Why does U.S. health care cost so much?
Americans spent an estimated $8000 per person on health care in 2011.
Here's what that looked like in 2009, the most recent year available.
NOTE: 93 cents of every health care dollar paid for medical goods and services.
What do other countries spend?
Wealthy countries spend more on health care. But even among high-income, economically developed countries, the U.S. spends far more than the next highest country.
- For 2009, The U.S. spent $7960 per person, compared to the next highest-spending country, Norway, at $5352 per person. Our neighbor to the north, Canada, spent $4363.
Why does U.S. health care cost more?
It's the prices: There are two primary factors to consider: unit cost of medical goods and services and the amount of care delivered. According to the 2011 Milliman Medical Index, unit costs for medical goods and services are the biggest driver of overall health care cost.
- Even though number of in-hospital days was nearly the same from 2009 to 2010, the cost of those days went up more than 10 percent.
It's the waste: The Institute of Medicine calculates that in 2009 alone, the most recent figures available, the U.S. wasted more than one-third of the $2.5 trillion dollars we spent on health care. The IOM identifies $765 billion wasted through:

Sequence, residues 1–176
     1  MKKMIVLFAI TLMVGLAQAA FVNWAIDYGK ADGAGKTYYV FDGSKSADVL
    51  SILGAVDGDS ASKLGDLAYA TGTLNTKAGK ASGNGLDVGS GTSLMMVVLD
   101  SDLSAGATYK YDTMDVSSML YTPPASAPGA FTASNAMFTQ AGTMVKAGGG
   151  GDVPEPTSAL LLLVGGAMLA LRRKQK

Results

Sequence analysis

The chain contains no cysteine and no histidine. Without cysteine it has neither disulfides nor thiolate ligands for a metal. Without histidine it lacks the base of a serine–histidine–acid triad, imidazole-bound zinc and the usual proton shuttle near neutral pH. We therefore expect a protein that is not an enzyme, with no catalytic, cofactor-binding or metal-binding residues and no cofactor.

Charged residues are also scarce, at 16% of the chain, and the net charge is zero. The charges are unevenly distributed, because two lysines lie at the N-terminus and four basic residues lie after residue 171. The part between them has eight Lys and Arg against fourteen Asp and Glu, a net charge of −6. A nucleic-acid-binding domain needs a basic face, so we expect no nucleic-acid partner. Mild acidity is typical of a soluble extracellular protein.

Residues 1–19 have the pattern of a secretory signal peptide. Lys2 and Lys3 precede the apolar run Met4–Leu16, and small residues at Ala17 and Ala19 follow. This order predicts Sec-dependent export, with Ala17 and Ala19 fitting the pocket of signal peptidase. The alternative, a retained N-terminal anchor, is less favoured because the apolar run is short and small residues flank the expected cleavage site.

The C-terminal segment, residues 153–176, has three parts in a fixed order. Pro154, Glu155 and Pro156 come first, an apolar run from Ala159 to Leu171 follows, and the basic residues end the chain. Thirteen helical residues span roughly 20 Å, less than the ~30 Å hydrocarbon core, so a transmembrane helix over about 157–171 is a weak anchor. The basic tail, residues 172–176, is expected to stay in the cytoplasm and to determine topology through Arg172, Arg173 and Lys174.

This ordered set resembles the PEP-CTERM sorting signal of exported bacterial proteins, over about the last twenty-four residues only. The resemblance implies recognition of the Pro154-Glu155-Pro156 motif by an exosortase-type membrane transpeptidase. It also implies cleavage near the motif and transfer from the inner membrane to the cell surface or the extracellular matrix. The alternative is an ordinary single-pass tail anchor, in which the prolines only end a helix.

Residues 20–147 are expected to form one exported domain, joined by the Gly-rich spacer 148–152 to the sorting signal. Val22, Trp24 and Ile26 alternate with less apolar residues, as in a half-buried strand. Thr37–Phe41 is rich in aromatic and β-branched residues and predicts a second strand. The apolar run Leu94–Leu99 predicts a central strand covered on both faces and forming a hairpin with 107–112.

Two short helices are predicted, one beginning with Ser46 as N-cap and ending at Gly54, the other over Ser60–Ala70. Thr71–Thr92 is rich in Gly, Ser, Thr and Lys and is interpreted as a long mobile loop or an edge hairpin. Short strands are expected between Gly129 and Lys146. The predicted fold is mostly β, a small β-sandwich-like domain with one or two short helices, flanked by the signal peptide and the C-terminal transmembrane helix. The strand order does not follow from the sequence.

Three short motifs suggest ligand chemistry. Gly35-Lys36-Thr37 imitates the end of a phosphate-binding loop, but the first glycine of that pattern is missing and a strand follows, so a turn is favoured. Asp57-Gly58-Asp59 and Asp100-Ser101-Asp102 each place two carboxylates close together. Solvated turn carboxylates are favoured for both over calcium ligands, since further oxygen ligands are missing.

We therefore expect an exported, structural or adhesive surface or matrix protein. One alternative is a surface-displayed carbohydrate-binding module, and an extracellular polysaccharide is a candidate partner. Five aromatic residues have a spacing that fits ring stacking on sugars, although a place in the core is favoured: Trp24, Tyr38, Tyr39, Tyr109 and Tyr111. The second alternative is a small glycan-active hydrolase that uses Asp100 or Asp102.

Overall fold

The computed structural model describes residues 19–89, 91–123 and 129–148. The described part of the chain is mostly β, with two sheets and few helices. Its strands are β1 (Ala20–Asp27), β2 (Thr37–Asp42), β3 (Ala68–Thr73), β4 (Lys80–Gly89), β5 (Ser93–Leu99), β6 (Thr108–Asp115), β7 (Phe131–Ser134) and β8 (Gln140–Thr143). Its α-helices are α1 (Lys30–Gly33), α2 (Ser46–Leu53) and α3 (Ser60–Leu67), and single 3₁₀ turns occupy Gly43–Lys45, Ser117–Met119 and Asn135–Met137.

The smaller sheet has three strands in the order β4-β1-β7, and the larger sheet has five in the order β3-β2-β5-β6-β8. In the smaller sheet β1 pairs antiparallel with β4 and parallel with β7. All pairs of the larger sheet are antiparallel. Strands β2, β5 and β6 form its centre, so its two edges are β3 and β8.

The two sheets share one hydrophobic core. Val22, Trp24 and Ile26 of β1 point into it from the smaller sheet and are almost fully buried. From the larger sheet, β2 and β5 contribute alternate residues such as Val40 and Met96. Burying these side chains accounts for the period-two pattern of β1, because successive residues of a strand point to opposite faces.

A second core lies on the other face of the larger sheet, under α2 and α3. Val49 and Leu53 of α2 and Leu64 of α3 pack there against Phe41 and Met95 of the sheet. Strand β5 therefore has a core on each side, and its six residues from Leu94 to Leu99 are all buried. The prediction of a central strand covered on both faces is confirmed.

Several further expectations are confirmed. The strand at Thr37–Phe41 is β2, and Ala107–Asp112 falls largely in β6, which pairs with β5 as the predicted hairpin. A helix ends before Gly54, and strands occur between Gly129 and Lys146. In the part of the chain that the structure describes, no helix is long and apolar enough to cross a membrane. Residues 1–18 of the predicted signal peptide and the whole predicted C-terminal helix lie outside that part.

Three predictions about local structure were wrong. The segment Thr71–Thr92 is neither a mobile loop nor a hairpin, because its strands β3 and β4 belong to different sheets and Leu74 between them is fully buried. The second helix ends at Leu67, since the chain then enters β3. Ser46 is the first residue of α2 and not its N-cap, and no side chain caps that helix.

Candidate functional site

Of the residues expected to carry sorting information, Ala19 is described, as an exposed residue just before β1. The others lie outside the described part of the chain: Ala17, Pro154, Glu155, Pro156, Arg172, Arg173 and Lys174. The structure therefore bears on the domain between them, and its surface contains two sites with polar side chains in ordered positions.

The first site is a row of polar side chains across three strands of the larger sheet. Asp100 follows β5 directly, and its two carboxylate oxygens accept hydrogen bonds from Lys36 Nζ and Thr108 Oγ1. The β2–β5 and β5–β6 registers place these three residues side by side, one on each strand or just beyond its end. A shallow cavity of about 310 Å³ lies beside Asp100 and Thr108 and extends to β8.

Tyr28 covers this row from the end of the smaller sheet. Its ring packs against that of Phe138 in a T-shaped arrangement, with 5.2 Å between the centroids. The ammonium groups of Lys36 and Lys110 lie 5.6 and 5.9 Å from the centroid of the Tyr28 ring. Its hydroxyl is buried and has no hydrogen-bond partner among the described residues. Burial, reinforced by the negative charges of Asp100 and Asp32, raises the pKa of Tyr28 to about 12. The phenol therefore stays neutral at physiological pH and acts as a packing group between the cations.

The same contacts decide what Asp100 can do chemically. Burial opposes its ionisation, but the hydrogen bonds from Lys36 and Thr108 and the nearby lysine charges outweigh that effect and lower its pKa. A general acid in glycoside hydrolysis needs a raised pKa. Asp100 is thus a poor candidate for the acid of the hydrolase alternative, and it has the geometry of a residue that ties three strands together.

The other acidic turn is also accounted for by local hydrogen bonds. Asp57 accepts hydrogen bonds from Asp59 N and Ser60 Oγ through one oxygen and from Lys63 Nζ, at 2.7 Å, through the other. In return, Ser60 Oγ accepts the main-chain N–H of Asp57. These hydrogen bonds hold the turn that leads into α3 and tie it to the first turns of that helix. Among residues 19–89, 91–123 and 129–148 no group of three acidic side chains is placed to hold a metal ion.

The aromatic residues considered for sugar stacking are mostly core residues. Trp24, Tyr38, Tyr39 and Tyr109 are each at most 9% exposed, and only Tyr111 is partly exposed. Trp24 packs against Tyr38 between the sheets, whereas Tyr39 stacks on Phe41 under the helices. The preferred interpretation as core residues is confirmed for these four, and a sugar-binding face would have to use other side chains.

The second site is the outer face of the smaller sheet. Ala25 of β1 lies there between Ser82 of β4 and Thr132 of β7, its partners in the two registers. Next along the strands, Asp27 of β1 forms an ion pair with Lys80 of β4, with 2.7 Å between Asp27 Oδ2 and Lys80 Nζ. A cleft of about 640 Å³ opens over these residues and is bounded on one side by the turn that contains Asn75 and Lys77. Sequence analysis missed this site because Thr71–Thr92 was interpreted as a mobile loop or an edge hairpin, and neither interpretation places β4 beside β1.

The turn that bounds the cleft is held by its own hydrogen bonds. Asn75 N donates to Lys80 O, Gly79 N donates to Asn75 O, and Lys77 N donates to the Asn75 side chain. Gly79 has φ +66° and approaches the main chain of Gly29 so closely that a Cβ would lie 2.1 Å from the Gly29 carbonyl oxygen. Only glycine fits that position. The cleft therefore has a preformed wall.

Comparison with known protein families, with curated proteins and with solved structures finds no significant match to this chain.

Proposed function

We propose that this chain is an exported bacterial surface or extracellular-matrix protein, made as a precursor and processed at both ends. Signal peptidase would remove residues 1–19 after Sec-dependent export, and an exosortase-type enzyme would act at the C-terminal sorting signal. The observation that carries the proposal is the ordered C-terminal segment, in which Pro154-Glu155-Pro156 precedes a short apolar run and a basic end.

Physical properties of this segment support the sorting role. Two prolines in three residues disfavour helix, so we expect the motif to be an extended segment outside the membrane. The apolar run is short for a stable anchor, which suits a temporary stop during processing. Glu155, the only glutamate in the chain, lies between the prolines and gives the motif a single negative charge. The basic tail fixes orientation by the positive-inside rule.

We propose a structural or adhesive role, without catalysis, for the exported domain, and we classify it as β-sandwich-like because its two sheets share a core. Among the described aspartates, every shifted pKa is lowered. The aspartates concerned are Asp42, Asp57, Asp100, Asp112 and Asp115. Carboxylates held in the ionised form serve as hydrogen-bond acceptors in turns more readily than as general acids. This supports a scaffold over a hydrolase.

- Unnecessary services
- Defensive medicine
- Unnecessary use of high-cost services
- Administrative waste
- Duplicative costs of administering different plans
- Unproductive documentation
- Inefficiently delivered services
- Medical errors
- Uncoordinated care
- Inefficient operations
- Too-high prices
- Prices higher than competitive levels
- Excessive variation in service prices
- Medicare/Medicaid fraud
- Insufficient investment to detect fraud
- Missed prevention opportunities
- Poor delivery of clinical prevention services
It's where we live: The Dartmouth Atlas of Health Care has documented more than two decades of regional variation in Medicare patients, both for standards of care received and cost of care delivered.
- Costs vary from $5,200 to more than $17,000 per person depending on region.
- Diabetes management: Not everyone gets equally effective care, ranging from 66.6 percent of the time in Albuquerque, N.M to 86.5 percent in Burlington, Vt. This can lead to inequitable outcomes, severe long-term health consequences and higher costs.
Each of us has a role in helping health care become more efficient, affordable and effective.
- Improve health. Our public and private sector health organizations should help us be healthier. According to the World Health Organization, Americans lead high-income countries in:
- Improve quality. Adopting different delivery and payment models can better coordinate care, improve patient outcomes, reward quality and promote wellness
- Reduce waste. The Institute of Medicine's Health Care Imperative identifies $463 billion in savings through best practices for providers and insurers
- Expand access. Federal health reform has already extended coverage to those under 26 and high-risk individuals. In 2014, subsidies will help those with lower incomes to get publicly funded coverage, and private insurers must accept everyone who applies
- Increase awareness. Consumer awareness about how to compare treatment effectiveness and costs can influence quality and affordability. Visit Regence's consumer education site, WhatsTheRealCost.org